- Theft by a public servant of a government property over which they exercise control in their official capacity
- Trafficking of people
- Compelling prostitution
10 Year Statute of Limitations from the Victim’s 18 Birthday
Certain offenses involving children have an extended statute of limitations that begins on the victim’s 18th birthday. So, even if the offense was committed longer than ten years ago, the limitations period is still in place until ten years after the victim has turned 18. The following are crimes with a 10 year limitations period from the 18th birthday of the alleged victim.
- Injury to a child under section 22.04 of the Penal Code
- Bigamy under 25.01 of the Penal Code if the alleged victim was under the age of 18 and was married or purported to marry the defendant despite being underage
- Trafficking of people under section 20A(a)(5) or (6) of the Penal Code
- Compelling prostitution under section 4305(a)(2) of the Penal Code
Crimes with a 20 Year Statute of Limitations
Certain Texas felony offenses have an applicable statute of limitations of 20 years. Section 12.05(5) of the statute states that for certain crimes the statute of limitations is 20 years starting on the victim’s birthday if they were under the age of 17 at the time of the offense. The following are some offenses with a 20 year statute of limitations:
- Aggravated kidnapping under section 20.04(a)(4) of the Penal Code if the offense was committed with the intent to violate or abuse the victim in a sexual manner
- Burglary under section 30.02(d) of the Penal Code
- Sexual performance by a child under section 43.25 of the Penal Code
What Crimes Have No Statute of Limitations in Texas?
If the crime causes severe emotional or physical distress, Texas law may not assign it a statute of limitations. That means the prosecution can file charges against you for one of these crimes at any time, even ten or twenty years later. Felony crimes with no statute of limitations include:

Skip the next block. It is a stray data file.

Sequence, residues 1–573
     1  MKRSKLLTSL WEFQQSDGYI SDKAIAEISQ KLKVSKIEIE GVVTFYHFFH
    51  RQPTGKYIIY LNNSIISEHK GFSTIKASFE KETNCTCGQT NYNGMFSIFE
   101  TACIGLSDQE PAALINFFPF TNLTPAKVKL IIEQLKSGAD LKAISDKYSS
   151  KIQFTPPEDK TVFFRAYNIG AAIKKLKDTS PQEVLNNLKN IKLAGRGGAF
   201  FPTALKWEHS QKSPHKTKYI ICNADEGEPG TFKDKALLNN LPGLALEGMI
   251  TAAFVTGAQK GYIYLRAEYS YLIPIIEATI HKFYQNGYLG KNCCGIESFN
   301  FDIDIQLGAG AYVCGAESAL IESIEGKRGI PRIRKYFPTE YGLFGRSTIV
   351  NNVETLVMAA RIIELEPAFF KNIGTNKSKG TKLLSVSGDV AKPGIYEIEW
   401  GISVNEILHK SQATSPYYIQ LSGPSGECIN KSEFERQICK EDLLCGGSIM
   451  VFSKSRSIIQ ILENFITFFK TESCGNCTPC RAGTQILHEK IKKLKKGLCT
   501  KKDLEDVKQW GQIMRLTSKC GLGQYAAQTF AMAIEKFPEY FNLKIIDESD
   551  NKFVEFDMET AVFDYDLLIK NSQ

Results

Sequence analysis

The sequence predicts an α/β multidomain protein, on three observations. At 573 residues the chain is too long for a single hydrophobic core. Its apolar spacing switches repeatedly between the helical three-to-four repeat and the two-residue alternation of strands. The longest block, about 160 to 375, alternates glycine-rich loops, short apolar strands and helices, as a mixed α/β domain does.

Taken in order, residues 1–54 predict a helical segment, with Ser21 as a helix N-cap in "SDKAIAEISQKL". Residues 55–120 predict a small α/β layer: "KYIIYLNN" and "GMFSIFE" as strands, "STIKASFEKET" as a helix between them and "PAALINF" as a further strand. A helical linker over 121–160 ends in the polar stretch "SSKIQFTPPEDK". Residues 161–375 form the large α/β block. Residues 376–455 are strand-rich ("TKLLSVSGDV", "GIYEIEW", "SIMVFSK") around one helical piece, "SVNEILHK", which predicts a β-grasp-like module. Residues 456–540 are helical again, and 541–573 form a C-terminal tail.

- Murder and manslaughter
- Continuous sexual abuse of young children under section 21.02 of the Penal Code
- Sexual assault under section 22.011(a)(2) of the Penal Code
- Aggravated sexual assault under section 22.021(a)(1)(B) of the Penal Code
- Indecency with a child under section 21.11 of the Penal Code
- Leaving the scene of an accident under section 550.021 of the Transportation Code if the accident resulted in the death of another
- Sexual assault if the identity of the preparator is unknown
- Trafficking of people under section 20A.02(a)(7) or (8) of the Penal Code
- Continuous trafficking of persons
Texas Statute of Limitations – Visit the official website for the Texas Statutes to read up on their Code of Criminal Procedure to learn more about criminal statute of limitations. Learn the statute of limitations for various crimes, how limitations periods work for criminal conspiracy cases, when the toll clock starts clicking, and what time isn’t computed under Texas law.
Supreme Court of Texas | Extended Limitations Period Due to COVID-19 – Visit the official website of the Texas Court to read an emergency order from the Supreme Court declaring an extension on certain statute of limitations in Texas. Access the site to learn when the order is effective, who signed the executive order, and the reasoning for doing so.
Statute of Limitations Attorney in Austin, Texas
You can find out if your limitations period is still in effect by calling Kevin Bennett of The Law Office of Kevin Bennett. He can analyze the case and determine whether charges can be brought forward or not. If you’ve recently been arrested for a crime, defense attorney Bennett can then begin investigating even further to find errors that could undermine the prosecution’s case. No matter your circumstances, it’s important you act quickly to resolve your charges. Don’t wait another moment to secure experienced and skilled legal representation today.
Schedule your first consultation absolutely free with The Law Office of Kevin Bennett by calling (512) 476-4626. At the appointment statute of limitations attorney Bennett will sit with you and discuss all your legal options. You can find our offices in Austin, but accept clients throughout the Travis County area.